Alcohol consumption and lung cancer risk: A pooled analysis from the International Lung Cancer Consortium and the SYNERGY study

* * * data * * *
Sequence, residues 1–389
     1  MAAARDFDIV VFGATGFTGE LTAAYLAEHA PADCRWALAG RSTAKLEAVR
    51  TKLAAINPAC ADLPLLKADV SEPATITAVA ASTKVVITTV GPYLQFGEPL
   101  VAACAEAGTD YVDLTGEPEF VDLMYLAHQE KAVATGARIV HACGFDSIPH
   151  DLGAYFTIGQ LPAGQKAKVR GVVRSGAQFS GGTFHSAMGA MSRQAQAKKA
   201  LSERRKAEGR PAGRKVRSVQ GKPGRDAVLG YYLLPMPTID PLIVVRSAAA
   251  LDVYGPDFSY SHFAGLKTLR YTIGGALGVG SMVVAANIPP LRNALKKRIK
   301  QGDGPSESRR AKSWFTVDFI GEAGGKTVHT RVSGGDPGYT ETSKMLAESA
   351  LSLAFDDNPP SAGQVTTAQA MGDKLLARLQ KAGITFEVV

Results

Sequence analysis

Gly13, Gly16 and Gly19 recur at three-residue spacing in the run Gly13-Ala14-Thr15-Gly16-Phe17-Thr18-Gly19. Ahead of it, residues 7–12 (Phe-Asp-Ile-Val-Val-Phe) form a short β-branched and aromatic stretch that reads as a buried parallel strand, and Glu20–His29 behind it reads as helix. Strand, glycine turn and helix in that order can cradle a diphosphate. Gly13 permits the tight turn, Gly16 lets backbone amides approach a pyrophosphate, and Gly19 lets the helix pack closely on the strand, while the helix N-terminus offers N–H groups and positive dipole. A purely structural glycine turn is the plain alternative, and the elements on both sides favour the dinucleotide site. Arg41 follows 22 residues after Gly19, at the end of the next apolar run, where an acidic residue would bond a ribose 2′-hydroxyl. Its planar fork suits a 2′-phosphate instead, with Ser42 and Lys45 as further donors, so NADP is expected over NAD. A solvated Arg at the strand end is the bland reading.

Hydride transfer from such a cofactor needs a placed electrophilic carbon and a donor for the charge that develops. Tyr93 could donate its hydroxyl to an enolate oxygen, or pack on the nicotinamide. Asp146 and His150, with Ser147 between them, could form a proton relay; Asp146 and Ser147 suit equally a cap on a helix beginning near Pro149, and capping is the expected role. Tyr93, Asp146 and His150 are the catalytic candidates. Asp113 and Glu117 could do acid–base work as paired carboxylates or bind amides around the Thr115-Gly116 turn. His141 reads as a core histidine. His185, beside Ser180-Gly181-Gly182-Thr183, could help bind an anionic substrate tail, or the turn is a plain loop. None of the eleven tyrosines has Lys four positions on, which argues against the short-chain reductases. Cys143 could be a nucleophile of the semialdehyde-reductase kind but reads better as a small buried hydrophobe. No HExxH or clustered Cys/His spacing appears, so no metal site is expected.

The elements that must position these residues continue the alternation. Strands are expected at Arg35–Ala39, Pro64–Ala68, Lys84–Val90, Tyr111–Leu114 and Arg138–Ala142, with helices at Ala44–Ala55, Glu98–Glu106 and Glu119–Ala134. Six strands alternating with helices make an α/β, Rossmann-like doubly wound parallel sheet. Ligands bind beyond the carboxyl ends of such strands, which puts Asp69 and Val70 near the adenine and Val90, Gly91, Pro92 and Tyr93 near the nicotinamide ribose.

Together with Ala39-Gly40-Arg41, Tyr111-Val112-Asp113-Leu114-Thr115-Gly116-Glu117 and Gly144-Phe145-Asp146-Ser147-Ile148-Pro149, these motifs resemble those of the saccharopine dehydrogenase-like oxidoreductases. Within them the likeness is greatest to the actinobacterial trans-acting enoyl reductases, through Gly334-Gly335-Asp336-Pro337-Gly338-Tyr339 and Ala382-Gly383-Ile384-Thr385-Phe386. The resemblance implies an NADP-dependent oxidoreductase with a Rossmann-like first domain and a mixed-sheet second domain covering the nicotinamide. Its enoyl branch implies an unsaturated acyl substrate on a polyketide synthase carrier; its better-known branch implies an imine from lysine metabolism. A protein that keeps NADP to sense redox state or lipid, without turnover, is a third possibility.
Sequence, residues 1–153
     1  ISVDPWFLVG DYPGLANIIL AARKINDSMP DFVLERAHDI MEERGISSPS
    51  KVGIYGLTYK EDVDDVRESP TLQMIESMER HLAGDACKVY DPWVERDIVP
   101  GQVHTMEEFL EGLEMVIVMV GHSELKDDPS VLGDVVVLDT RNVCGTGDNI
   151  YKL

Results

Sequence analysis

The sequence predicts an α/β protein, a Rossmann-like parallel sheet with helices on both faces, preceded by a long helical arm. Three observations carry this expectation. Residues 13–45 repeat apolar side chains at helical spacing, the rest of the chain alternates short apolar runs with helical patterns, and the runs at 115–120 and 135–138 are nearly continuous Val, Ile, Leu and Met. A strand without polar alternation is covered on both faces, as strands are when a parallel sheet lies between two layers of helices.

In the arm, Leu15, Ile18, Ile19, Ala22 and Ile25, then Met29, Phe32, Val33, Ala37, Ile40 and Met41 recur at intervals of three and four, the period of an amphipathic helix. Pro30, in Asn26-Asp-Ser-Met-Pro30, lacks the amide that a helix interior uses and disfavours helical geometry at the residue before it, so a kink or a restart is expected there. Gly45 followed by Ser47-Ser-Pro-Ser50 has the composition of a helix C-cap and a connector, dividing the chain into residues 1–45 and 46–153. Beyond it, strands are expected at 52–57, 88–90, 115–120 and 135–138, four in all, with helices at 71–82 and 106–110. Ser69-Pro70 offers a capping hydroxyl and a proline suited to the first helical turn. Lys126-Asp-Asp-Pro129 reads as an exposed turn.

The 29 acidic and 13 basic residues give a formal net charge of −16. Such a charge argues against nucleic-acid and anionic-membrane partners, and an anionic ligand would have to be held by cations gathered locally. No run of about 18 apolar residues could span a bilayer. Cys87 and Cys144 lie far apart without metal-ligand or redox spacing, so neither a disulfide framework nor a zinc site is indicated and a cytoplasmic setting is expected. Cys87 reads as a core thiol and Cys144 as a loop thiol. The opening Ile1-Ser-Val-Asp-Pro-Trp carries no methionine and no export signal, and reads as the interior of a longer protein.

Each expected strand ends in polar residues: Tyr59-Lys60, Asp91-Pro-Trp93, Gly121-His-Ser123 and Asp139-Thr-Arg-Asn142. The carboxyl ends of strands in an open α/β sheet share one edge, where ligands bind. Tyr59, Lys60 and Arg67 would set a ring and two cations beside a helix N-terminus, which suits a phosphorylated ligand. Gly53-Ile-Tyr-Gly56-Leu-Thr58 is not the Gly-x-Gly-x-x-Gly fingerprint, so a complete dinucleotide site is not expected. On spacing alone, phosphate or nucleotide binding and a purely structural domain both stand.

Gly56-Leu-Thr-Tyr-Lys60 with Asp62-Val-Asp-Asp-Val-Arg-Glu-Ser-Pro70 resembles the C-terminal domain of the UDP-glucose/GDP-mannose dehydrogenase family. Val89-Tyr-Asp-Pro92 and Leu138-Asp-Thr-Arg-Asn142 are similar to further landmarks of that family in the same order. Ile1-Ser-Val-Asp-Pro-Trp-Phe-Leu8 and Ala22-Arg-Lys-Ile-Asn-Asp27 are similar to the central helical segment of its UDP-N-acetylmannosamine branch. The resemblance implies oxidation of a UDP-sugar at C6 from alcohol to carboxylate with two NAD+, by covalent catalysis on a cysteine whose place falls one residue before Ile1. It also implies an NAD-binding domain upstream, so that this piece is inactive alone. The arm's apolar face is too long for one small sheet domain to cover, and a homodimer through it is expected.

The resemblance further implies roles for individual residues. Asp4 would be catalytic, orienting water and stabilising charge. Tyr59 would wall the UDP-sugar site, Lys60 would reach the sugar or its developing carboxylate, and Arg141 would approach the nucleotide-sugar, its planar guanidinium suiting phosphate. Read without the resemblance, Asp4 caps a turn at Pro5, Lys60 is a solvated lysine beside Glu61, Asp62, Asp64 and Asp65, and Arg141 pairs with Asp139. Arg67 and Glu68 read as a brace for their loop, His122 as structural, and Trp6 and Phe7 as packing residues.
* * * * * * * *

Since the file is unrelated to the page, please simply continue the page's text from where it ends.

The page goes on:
Background: There is inadequate evidence to determine whether there is an effect of alcohol consumption on lung cancer risk. We conducted a pooled analysis of data from the International Lung Cancer Consortium and the SYNERGY study to investigate this possible association by type of beverage with adjustment for other potential confounders. Methods: Twenty one case-control studies and one cohort study with alcohol-intake data obtained from questionnaires were included in this pooled analysis (19,149 cases and 362,340 controls). Adjusted odds ratios (OR) or hazard ratios (HR) with corresponding 95% confidence intervals (CI) were estimated for each measure of alcohol consumption. Effect estimates were combined using random or fixed-effects models where appropriate. Associations were examined for overall lung cancer and by histological type. Results: We observed an inverse association between overall risk of lung cancer and consumption of alcoholic beverages compared to non-drinkers, but the association was not monotonic. The lowest risk was observed for persons who consumed 10–19.9 g/day ethanol (OR vs. non-drinkers = 0.78; 95% CI: 0.67, 0.91), where 1 drink is approximately 12–15 g. This J-shaped association was most prominent for squamous cell carcinoma (SCC). The association with all lung cancer varied little by type of alcoholic beverage, but there were notable differences for SCC. We observed an association with beer intake (OR for ≥20 g/day vs nondrinker = 1.42; 95% CI: 1.06, 1.90). Conclusions: Whether the non-monotonic associations we observed or the positive association between beer drinking and squamous cell carcinoma reflect real effects await future analyses and insights about possible biological mechanisms.